Vienna, Austria

ESTRO 2023

Session Item

Poster (Digital)
dose escalation in hypofractionated radiotherapy in prostate cancer : early and late toxicity
Kevin QUINTIN, France


dose escalation in hypofractionated radiotherapy in prostate cancer : early and late toxicity

Kevin QUINTIN1, Gilles Crehange2, Pierre Graff3, Samar Krhili3

1Institut Curie, Radiotherapy, Paris, France; 2institut Curie , Radiotherapy, Paris , France; 3Institut Curie , Radiotherapy , Paris , France

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Purpose or Objective

The prostate adenocarcinoma is the most frequent cancer in men with an annual incidence of 50 400 new cases in France. One of the greatest therapeutic options for the early staged cancers is external radiotherapy. Although hypofractionated radiotherapy has proven a similar efficacity to external radiotherapy, it still isn’t a standard in France. The main purpose of this study is to evaluate the tolerance during and after treatment (4-6 months and 5 years post exposition) among patients that were treated with mild hypofractionated radiotherapy with dose escalation for a prostatic adenocarcinoma. We will also report the data on progression-free survival, specific survival and global survival.

Material and Methods

212 patients were treated consecutively between February 2016 and March 2018.  The dose of 75 Gy was delivered in 30 fractions to the prostate and the proximal seminal vesicles (eqd2 = 82.5 to 85.7 Gy delivered in fractions of 2 Gy for an α/β of 1.5 à 3). A hundred and ninety-five patients (92 %) also received a pelvic lymphatic irradiation (46 Gy delivered in 23 fractions). The irradiation technique that was used was a rotational RCMI (Rapidarc® ) guided by sight after the implantation of 3 intra-prostatic golden grains. Genito-urinary and gastro-intestinal toxicities were analyzed during treatment, after 4 to 6 months and after 5 years of follow-up according to CTCAEv5. We also looked for predictive factors of toxicity and survival.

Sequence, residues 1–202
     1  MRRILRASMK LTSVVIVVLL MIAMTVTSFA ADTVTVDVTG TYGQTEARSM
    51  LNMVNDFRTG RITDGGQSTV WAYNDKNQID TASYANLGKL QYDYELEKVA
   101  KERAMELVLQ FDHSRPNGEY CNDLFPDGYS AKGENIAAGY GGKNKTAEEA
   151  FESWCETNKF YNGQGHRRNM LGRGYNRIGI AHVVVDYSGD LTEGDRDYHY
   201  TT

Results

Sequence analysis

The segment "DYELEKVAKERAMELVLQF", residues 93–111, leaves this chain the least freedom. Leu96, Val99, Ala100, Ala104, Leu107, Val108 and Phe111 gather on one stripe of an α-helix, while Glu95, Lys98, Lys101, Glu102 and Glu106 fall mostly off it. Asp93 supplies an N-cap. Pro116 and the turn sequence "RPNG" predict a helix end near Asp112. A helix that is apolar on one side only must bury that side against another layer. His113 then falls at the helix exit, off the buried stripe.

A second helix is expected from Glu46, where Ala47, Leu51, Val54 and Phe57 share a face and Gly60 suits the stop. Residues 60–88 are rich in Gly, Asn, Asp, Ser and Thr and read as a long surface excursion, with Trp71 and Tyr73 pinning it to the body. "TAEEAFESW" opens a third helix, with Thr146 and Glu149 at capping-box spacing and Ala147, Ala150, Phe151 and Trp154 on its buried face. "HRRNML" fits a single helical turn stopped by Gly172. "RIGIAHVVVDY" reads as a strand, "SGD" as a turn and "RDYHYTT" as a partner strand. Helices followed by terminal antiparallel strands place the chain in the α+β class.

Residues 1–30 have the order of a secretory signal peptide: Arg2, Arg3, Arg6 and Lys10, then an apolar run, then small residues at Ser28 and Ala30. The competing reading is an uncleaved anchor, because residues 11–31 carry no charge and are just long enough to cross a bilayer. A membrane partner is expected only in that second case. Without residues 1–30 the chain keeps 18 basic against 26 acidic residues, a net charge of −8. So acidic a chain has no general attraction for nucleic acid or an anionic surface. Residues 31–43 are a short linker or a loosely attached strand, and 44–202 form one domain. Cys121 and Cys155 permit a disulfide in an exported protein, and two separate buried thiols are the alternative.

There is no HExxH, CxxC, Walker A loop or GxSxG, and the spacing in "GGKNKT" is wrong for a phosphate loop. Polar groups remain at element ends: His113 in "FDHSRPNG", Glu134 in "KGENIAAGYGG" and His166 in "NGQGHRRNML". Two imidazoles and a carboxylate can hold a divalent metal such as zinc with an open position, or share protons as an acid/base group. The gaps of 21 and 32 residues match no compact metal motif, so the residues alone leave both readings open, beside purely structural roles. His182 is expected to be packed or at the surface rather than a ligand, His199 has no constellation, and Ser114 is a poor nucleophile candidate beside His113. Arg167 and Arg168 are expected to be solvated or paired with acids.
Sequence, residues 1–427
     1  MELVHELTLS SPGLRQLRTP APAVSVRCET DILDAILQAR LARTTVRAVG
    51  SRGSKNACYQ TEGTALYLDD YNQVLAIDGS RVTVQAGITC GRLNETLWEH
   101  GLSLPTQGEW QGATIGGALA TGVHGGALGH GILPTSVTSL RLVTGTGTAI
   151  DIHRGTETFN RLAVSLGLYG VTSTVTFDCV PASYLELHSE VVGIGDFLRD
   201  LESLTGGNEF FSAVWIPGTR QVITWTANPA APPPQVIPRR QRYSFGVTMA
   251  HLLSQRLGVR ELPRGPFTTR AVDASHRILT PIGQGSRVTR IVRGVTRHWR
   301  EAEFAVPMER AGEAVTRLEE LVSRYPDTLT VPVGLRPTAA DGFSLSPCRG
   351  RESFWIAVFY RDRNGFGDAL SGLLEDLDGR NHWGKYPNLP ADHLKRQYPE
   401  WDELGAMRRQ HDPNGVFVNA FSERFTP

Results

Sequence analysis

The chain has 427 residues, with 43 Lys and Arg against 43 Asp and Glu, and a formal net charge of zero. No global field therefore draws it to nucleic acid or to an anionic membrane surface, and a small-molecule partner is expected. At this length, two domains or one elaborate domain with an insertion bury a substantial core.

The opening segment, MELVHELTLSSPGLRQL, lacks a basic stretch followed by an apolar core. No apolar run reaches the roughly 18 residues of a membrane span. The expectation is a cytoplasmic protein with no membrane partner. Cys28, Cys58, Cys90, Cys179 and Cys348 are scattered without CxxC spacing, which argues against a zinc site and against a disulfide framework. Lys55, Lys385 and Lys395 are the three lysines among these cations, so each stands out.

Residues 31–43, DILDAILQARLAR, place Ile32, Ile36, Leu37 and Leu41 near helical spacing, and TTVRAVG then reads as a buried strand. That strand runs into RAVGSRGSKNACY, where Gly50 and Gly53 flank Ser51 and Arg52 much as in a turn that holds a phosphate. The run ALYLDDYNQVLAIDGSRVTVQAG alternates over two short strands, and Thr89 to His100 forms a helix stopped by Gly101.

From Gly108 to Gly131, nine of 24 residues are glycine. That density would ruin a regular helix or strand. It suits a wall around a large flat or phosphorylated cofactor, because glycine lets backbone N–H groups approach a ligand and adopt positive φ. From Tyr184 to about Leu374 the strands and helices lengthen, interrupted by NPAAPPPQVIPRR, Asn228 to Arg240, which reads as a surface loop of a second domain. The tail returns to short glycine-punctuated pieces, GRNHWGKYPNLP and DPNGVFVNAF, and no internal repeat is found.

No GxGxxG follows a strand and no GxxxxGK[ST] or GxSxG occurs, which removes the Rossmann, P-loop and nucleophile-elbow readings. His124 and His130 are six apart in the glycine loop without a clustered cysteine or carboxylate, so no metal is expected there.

A total of 166 patients were included. Their characteristics were : Medium age = 71.4 ans [52.9—85.6] / Medium initial PSA rate = 9 ng/mL [2.6—111] / Stade T1, T2, T3, T4 respectively 34.3 %, 26.5 %, 38.5 % and 0.6 % / Gleason Score 6, 7 (3 + 4), 7 (4 + 3) and ≥ 8 respectively 22.9 %, 43.4 %, 23.5 % and 10.2 %. We excluded patients with lymph node involvement and patients with metastasis. 

Grade ≥ 2 genito-urinary toxicities that occurred during treatment, after 4-6 months and after 5 years of follow-up were respectively of 36.7%, 8.8% and 4.7% and grade ≥ 2 gastro-intestinal toxicities of 15.1%, 1.9% et 9.3%. We reported one grade 3 genito-urinary toxicity, two grade 4 genito-urinary-toxicities, twelve grade 3 gastro-intestinal toxicities and no grade 4 gastro-intestinal toxicity. No link was found between the occurrence of these toxicities and the other parameters that we analyzed.

    Only 15 patients had a progression of their cancer. After 5 years of follow-up, the progression-free survival was of 85.7%, the specific survival was of 93.3% and the global survival was of 82.4%. We only found the PSA rate and the cardiovascular risk factors to be significatively associated to the global survival in the multivariate analysis.


Mild hypofractionated prostatic radiotherapy with dose escalation is well tolerated and adds no toxicity compared to a normo-fractionated plan. Moreover, it considerably helps reducing the total duration of the treatment. These encouraging results must be confirmed with a phase III randomized trial.